AIG filing casts doubt on "limited exposure" claim
By Matthew Goldstein - Analysis
NEW YORK (Reuters) - A controversial regulatory filing detailing the federal bailout of American International Group Inc AIG.N could put the spotlight back on the former executive who headed the division most responsible for the insurer's near collapse in September 2008.
The five-page filing raises questions about some of Joseph Cassano's prior statements that AIG had "limited exposure" to the subprime housing market, even though AIG had written insurance contracts on some $62 billion of mortgage-related securities held by 16 big U.S. and European banks.
An unredacted version of the document, which AIG formally made public on Friday in a filing with the U.S. Securities and Exchange Commission, reveals that 14 percent of the 178 mortgage-related securities AIG had insured were originated by Wall Street banks after 2005.
The combined face value of the 25 securities AIG agreed to insure after 2005 was about $19 billion, or roughly 30 percent of the total face value of the entire portfolio of troubled mortgage-related securities the Federal Reserve of New York assumed in its bailout of AIG.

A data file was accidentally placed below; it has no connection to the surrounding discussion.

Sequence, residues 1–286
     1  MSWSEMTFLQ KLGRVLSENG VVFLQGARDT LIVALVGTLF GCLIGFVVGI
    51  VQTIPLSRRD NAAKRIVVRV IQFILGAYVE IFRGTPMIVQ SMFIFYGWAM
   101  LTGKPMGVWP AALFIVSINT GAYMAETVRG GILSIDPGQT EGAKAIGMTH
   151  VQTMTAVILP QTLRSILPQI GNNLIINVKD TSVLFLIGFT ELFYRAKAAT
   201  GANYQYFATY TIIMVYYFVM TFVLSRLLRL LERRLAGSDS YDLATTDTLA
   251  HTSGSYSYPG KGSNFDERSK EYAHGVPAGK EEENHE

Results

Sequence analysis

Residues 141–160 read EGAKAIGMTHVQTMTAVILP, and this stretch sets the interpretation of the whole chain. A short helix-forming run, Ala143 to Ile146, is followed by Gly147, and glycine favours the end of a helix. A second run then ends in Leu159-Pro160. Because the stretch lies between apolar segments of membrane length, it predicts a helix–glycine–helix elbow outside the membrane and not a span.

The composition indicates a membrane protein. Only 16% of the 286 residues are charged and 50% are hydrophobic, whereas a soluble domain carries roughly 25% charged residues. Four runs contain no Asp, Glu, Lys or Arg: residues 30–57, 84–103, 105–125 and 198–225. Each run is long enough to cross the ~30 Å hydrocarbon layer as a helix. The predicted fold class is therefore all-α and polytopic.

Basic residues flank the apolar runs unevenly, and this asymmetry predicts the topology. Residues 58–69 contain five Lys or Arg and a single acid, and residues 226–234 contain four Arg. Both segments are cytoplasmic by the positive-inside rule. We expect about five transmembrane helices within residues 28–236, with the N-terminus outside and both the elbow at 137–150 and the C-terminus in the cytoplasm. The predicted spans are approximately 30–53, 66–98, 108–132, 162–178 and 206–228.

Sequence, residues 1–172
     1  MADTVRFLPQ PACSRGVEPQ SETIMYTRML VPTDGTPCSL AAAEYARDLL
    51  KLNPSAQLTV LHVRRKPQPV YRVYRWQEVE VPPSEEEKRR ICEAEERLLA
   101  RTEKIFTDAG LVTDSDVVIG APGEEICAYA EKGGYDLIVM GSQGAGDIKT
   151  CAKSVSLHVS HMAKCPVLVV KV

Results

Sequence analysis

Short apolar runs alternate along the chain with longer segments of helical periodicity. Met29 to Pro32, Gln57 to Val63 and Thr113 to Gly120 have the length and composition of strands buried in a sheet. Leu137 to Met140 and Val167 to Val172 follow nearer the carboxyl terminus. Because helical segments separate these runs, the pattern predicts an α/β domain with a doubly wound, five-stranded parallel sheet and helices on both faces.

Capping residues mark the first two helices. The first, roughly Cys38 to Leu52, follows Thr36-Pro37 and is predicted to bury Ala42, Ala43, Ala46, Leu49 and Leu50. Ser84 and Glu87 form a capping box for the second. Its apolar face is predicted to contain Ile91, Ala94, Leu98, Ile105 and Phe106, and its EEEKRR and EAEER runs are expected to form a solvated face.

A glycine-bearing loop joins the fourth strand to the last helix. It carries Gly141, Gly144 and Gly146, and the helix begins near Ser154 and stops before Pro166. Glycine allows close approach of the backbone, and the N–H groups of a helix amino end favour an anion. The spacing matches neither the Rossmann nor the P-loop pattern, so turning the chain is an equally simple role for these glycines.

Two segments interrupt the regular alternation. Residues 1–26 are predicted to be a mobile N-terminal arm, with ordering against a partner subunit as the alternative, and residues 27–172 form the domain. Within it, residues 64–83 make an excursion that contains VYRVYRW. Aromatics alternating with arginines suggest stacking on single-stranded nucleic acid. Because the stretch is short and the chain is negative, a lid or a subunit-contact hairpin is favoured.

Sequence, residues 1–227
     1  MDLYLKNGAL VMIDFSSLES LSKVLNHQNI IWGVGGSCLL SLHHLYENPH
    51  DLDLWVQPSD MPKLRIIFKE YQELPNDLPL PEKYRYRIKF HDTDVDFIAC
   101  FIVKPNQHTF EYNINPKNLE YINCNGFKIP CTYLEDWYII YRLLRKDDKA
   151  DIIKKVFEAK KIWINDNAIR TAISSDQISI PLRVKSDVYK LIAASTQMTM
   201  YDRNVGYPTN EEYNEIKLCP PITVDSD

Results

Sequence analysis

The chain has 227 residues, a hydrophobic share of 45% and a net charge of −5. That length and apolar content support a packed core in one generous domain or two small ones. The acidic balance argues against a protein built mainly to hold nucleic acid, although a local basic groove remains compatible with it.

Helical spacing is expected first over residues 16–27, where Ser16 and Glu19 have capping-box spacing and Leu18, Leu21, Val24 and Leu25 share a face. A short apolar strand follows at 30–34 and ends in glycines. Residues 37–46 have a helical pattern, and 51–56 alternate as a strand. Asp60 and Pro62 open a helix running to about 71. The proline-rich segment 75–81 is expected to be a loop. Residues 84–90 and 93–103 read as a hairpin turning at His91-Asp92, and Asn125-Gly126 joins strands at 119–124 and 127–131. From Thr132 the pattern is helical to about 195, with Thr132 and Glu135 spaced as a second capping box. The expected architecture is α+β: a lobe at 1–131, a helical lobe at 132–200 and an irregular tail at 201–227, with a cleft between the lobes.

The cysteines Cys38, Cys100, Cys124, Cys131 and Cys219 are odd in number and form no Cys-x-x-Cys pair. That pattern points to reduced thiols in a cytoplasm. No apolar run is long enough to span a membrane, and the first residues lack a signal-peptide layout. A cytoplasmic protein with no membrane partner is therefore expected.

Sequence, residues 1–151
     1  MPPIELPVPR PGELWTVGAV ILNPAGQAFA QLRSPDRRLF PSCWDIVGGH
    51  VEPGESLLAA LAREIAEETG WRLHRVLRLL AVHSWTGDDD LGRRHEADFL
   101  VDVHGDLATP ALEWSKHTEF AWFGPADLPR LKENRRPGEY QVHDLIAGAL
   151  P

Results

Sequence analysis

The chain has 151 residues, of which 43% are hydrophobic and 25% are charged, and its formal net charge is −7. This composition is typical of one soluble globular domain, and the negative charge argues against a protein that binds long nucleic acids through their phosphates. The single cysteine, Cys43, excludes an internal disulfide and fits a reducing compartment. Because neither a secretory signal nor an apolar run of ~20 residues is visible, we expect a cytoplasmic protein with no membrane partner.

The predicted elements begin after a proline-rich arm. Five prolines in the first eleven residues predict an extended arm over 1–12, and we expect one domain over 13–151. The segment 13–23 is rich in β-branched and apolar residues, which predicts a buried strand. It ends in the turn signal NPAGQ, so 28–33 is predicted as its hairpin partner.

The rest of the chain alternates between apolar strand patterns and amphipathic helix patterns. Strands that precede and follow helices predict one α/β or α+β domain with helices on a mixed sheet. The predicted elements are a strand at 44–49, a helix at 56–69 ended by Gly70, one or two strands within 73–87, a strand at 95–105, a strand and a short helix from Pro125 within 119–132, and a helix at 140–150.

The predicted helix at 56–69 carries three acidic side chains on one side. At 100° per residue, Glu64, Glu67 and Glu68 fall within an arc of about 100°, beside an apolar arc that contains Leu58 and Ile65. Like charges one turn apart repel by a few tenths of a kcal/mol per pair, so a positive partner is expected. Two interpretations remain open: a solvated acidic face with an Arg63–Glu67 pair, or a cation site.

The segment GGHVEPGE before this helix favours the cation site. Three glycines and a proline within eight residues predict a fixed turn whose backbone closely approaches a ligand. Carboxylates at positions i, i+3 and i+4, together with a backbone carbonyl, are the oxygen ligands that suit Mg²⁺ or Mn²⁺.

And of those 25 securities, 7 were tranches or pieces of two big collateralized debt obligations called Triaxx Prime 2006-1 and Triaxx Prime 2006-2, according to the filing. The CDOs, which went to market in the second-half of 2006, had a combined value of $5.8 billion.
The Triaxx CDOs, both highly-rated at the beginning, now carry junk bond ratings from Moody's Investors Service. AIG insured all, but a small sliver of the CDOs against the risk of default, according to the filing and a prospectus for one of the deals.
Federal prosecutors and the SEC are looking into whether Cassano and others at AIG misled investors about the insurer's exposure to the U.S. housing crisis as part of an ongoing investigation of the events that prompted the federal government to bail out the giant insurer. Continued...